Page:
Saab owner Spyker cuts Saab 2010 sales forecast

Saab owner Spyker cuts Saab 2010 sales forecast
Spyker CEO Victor Muller and Saab CEO Jan Åke Jonsson at the Paris Motor Show
Saab automobile owner Spyker Cars announced on Friday that it expects to sell 30,000 to 35,000 Saab cars this year, about 10,000 less than initially forecast.

This reflected the impact of Saab’s previous owner, General Motors (GM), imposing a production shutdown in the first part of 2010 that was “not fully recoverable,” the company said in a statement.

Spyker has never made a profit since it was created in 2000. It reported a €39.6 million (371.2 million kronor) net loss in the third quarter, nearly 10 times larger than its loss in the same period last year.

Based in Zeewolde in the central Netherlands and listed on the Amsterdam stock exchange, Spyker bought Saab in January from GM, which was in severe trouble during the financial crisis, with the aim of relaunching the Swedish car brand.

“Saab has made significant progress since we acquired the business. We have forged important strategic relationships with BMW and American Axle & Manufacturing and re-established our global sales organisation, laying the foundation for an independent and profitable global premium auto brand,” Spyker CEO Victor R. Muller said in a statement.

Spyker said it sold 8,540 Saab vehicles in the third quarter, seven percent more than the previous quarter and 59 percent more than the 5,371 in the same period last year.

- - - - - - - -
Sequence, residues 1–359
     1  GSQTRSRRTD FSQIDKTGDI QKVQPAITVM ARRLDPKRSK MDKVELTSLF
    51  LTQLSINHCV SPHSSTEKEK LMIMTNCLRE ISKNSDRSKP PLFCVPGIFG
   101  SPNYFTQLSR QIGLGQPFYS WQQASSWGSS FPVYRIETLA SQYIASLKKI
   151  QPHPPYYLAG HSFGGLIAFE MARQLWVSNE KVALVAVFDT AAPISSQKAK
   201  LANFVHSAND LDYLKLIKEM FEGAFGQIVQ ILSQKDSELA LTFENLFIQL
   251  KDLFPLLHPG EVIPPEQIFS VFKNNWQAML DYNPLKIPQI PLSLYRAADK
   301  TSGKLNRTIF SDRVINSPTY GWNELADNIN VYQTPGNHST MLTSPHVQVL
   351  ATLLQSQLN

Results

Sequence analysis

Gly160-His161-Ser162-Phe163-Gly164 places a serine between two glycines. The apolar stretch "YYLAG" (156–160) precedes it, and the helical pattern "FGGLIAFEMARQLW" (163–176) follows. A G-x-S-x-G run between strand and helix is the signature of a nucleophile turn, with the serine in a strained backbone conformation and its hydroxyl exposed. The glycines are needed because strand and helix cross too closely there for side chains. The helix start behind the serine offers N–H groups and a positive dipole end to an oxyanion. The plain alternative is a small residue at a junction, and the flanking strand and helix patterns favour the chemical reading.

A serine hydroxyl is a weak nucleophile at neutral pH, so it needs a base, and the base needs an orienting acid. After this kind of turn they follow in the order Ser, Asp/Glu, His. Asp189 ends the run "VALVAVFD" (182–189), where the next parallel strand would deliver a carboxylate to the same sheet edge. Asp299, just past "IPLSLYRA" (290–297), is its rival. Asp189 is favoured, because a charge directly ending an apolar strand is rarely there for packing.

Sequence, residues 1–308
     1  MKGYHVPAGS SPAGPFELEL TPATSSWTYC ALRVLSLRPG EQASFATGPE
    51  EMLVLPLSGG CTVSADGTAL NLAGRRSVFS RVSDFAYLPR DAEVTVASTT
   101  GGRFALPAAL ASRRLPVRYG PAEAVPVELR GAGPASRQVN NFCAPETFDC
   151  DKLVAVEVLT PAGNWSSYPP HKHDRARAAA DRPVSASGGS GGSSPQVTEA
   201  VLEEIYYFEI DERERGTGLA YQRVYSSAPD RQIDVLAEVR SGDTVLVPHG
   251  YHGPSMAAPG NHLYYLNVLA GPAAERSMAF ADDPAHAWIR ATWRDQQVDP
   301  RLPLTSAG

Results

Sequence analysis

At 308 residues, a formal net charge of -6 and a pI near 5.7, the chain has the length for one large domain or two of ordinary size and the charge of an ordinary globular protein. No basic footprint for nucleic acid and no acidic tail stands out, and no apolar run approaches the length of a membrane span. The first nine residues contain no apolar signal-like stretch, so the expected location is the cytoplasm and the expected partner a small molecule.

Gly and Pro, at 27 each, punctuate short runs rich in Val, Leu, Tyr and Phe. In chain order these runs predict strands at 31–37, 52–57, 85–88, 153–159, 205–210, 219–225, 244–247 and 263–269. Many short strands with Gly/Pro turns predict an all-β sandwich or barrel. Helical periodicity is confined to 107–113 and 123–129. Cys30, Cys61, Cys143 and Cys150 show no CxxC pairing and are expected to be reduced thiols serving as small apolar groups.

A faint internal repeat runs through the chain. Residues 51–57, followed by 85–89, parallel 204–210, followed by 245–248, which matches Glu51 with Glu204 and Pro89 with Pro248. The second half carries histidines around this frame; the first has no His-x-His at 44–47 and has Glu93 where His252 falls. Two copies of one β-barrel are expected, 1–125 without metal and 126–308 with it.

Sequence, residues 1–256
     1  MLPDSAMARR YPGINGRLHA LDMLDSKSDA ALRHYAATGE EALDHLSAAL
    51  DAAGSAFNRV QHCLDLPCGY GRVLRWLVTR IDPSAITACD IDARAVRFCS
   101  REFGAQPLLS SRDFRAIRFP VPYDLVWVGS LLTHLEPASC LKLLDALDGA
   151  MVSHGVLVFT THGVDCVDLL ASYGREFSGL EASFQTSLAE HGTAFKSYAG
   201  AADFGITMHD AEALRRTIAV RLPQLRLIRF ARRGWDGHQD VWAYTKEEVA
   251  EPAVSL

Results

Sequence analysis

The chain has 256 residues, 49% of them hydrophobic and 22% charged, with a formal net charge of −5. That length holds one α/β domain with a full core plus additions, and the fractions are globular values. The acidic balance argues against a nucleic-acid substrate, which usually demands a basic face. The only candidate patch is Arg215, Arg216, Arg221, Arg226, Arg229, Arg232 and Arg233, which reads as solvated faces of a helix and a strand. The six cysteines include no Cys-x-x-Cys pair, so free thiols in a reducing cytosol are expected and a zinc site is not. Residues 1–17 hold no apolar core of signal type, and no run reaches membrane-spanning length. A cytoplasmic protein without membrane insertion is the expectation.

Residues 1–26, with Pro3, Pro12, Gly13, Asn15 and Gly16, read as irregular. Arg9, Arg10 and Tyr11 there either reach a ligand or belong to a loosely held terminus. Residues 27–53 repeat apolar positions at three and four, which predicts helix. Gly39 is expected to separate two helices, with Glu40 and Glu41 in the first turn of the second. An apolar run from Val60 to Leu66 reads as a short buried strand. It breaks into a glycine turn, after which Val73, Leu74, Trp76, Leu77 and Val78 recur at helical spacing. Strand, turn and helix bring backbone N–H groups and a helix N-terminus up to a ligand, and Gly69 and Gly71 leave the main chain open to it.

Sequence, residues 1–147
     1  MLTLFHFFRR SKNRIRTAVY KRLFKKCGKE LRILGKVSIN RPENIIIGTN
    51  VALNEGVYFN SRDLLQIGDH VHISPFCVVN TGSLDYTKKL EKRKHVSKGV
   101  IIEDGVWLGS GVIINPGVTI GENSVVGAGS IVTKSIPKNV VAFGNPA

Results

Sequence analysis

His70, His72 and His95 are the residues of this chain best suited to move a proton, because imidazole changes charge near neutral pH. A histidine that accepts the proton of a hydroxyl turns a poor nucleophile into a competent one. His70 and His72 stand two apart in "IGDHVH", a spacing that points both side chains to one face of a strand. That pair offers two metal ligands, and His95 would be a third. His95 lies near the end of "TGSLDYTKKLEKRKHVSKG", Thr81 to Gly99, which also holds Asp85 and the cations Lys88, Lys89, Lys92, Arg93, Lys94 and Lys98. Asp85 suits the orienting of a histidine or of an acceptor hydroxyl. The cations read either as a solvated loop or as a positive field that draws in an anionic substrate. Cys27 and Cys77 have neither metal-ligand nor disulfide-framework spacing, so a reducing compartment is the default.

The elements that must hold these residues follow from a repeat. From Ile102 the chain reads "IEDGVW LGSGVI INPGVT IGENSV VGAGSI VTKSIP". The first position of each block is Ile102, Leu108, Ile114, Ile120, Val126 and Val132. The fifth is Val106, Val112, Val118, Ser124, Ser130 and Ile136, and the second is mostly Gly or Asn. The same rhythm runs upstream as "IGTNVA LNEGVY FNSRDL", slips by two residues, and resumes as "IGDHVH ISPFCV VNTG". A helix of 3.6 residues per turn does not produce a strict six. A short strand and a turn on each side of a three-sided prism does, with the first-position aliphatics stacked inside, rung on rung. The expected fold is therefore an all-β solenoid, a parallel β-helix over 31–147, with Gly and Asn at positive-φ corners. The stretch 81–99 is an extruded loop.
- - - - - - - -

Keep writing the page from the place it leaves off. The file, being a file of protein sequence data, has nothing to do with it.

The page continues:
“Saab continues to see growing sales momentum, especially in our key markets, and the interest in our brand is growing steadily,” said Saab Automobile President and CEO Jan Åke Jonsson.

“The all new 9-5 has been particularly well received in markets around the world and we have now a full engine range available, while we introduced new diesel engines for the 9-3 range, delivering class-leading low-CO2 levels for model year 2011,” he added.

Spyker said it expected to continue to post losses for 2010 and 2011, but hoped to bounce back and be in the black in 2012, when it expects to sell 120,000 cars.

Jonsson said Saab will focus on much shorter product life cycles. In the next year, it will focus on two new market products: the 9-4X, which is expected to give Saab access to the growing cross-over segment, and the 9-5 SportCombi.

In addition, the company will launch the successor to the current 9-3 in 2012 so that two years from now, the new 9-5 will be the oldest model in what will then be the newest and widest ever product range in Saab’s history, Jonsson said.

The company’s priority for the fourth quarter and first quarter next month was “market expansion,” the company said in a statement.

“The target is to have agreements in place for China and Russia by the end of the year,” the company said.

GM owned Saab for 20 years, but the Swedish brand was never profitable during this period. In 2009, output plunged to 38,756 vehicles from 93,000 in 2008. Spyker bought Saab for $400 million (2.71 billion kronor).

Last month, Spyker signed a deal with German car maker BMW for the supply of 4-cylinder 1.6-litre turbocharged gasoline engines for Saab cars starting in 2012.

Spyker shares fell 24 percent to €3 in early Amsterdam trading.

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